Another feature in the centre of the garden is the Flower Meadow of approximately one hectare which gives the garden a sense of space and has been sown with mainly native wild flowers. In 2010 around 50000 bulbs were planted here which give a mass of colour from April to June provided by narcissi and daffodils followed by camassias and alliums nearer the stream. The meadow is mown late in the year to allow the plants to seed and the cut grass is removed to keep nutrient levels low in the soil. There are other trees in this area whose shapes add interest to the vista in winter.
The Cherry Bowl was planted in 1995. The collection of Japanese flowering cherries has been selected to demonstrate the range of flower variation as well as autumn colour. They are arranged around a circular clearing under planted with bulbs and wild flowers.
The Conifer Circle consists of a collection of upright growing cultivars of Lawson’s cypress (Chamaecyparis lawsoniana) and other conifers which were planted in 2002. Their foliage ranges in colour from dark green to golden to bright green to blue grey around the circle.
The Formal Garden consists of a number of garden rooms and borders of various sizes which are partly enclosed by hedges of beech and yew. It is divided into five main areas.
The Miller Borders consist of four rectangular beds separated by grass paths which were replanted in autumn 2010 with 20 different herbaceous perennials and ornamental grasses. They now make a major impact in this area of the garden, particularly in late summer and autumn. As the season progresses a mass of colour, from yellows to pinks, whites and oranges from heleniums, sunflowers, rudbeckias, agastache, amsonias and tall grasses, delights the eye. In the winter months the seed heads prove attractive to visitors and birds.
The Golden Border backs onto the Miller Border and is open to the jungle area. It contains mainly shrubs with variegated foliage or those with different shades of yellow, gold, or copper leaves such as Sambucus racemosa ‘aurea’ and Lonicers nitida ‘Baggesen’s gold, interspersed with others such as Osmanthus heterophyllus ‘Purpureus’ which have green leaves and blend in well. Conifers such as golden Scots pine and Chamaecyparis thyoides help make the border attractive and bright under the grey skies of winter.
The Prairie Garden was sown with a seed mix of short, medium and tall wild flowers and grasses, in a ratio of roughly 3:1, purchased from a specialist in the USA. A particular sand mulch was used which was developed by Professor James Hitchmough, whose recent achievements include the planting at the Olympic park in London. This habitat gives a long flowering period from plants loved by bees and other beneficial insects. Black-eyed Susan, prairie sage, compass plant, blue sky asters, echinaceas and wild bergamot give a fine show from August to September.
The Meteor Garden is enclosed by clipped and shaped hedges. It consists of four crescent shaped beds surrounding a central bed in the middle of which, on a plinth, is a wooden sculpture, “The Meteor”, made by local sculptor Jon Roberts. This is complimented by spiky grey-blue oat grass (Helicotrichon) which links well with the sculpture. The planting consists of white phlox, lychnis, echinacea and Crambe cordifolia with yuccas adding height to the planting. Tulips and narcissi add interest in the spring.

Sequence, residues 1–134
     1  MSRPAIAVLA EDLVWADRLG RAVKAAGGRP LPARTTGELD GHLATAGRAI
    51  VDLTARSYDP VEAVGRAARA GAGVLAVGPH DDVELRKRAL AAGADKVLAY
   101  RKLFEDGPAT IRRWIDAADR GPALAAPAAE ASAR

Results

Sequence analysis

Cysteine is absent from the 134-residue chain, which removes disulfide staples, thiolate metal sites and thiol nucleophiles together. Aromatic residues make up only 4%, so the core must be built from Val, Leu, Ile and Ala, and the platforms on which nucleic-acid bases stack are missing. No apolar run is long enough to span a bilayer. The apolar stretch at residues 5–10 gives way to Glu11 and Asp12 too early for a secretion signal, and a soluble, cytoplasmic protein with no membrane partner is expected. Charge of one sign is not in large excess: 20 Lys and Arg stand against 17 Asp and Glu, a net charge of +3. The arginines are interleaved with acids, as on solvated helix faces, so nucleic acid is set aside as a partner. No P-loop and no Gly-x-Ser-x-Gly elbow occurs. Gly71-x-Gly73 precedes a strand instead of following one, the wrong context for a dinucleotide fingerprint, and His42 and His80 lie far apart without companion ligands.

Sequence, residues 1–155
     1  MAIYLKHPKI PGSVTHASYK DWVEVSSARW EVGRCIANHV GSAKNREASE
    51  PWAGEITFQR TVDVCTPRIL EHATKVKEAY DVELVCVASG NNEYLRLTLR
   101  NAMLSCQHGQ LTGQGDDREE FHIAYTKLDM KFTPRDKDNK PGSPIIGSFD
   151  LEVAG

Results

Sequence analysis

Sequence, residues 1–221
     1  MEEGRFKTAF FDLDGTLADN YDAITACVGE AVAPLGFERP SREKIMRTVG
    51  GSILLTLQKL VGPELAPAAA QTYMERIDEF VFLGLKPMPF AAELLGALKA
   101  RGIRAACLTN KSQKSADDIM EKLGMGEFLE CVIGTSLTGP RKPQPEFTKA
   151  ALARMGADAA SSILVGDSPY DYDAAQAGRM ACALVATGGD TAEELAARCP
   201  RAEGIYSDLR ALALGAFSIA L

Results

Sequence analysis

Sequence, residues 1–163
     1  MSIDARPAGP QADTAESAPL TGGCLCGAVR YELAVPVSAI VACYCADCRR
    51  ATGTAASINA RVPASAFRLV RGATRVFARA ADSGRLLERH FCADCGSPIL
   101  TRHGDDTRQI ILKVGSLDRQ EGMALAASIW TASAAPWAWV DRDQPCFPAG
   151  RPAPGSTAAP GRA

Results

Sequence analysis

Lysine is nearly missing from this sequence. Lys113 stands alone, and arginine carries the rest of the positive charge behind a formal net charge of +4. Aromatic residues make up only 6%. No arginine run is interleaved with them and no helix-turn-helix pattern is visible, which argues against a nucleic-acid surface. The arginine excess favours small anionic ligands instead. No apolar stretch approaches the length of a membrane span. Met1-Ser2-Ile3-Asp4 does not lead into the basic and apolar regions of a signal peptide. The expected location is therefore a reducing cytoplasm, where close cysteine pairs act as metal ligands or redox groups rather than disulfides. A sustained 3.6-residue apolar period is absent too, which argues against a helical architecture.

The Red Border is 50 metres in length and has one side facing the woodland. It starts in the shade of a Lucombe oak with plants such as red bamboo, burgundy flowered hydrangeas, Heuchera ‘Winter Red’ and Bergenia ‘Ruby Glow’ together with tall lilies. A wide range of red perennials such as Phlox paniculata ‘Starfire’, Persicaria amplexicaulis ‘Fire Tail’ and ornamental grasses fill the middle section. The last part of the border has a more tropical scheme with Cestrum roseum, salvias and other plants. Recently red tulips have been under planted here.
The Jungle Garden, adjacent to Pepper Lane, has been established in order to create the impression of walking through a tropical garden but using mainly frost tolerant plants. The mature trees already established here, including many different varieties of holly, and eucalyptus give shelter from wind and frost. Plants with bold leaves and foliage which give an exotic effect have already been planted here. These include bamboos, palms, bananas, ginger lilies, kniphofia, fatsias, cannas, crocosmia and other perennials. More will be established in the near future.
The Woodland Garden has recently been tidied up. Spring and summer flowering shrubs, shade tolerant bulbous plants, herbaceous perennials and ferns have been added amongst the original trees. Drifts of wood anemones and bluebells carpet the ground. As this area matures it will provide much of interest for the visitor.
The Rhododendron Border was planted in spring 2013. There are rhododendrons and evergreen azaleas on one side and mainly deciduous azaleas on the other. They provide colour in April and May. This border also contains hostas, ferns and daphne and Japanese acer.
The area for the Gravel Garden was cleared in March 2012. Two large eucalyptus trees have been retained and a beech hedge planted along the boundary. New trees such as Cercis siliquatrum and a young Abies marocana have been added. The under planting consists of border line tender plants such as Aloe striatula and Fascicularia bicolor linked together with other perennials such as euphorbias and sedums and ornamental grasses which give structure and texture throughout the year and are attractive to bees and butterflies.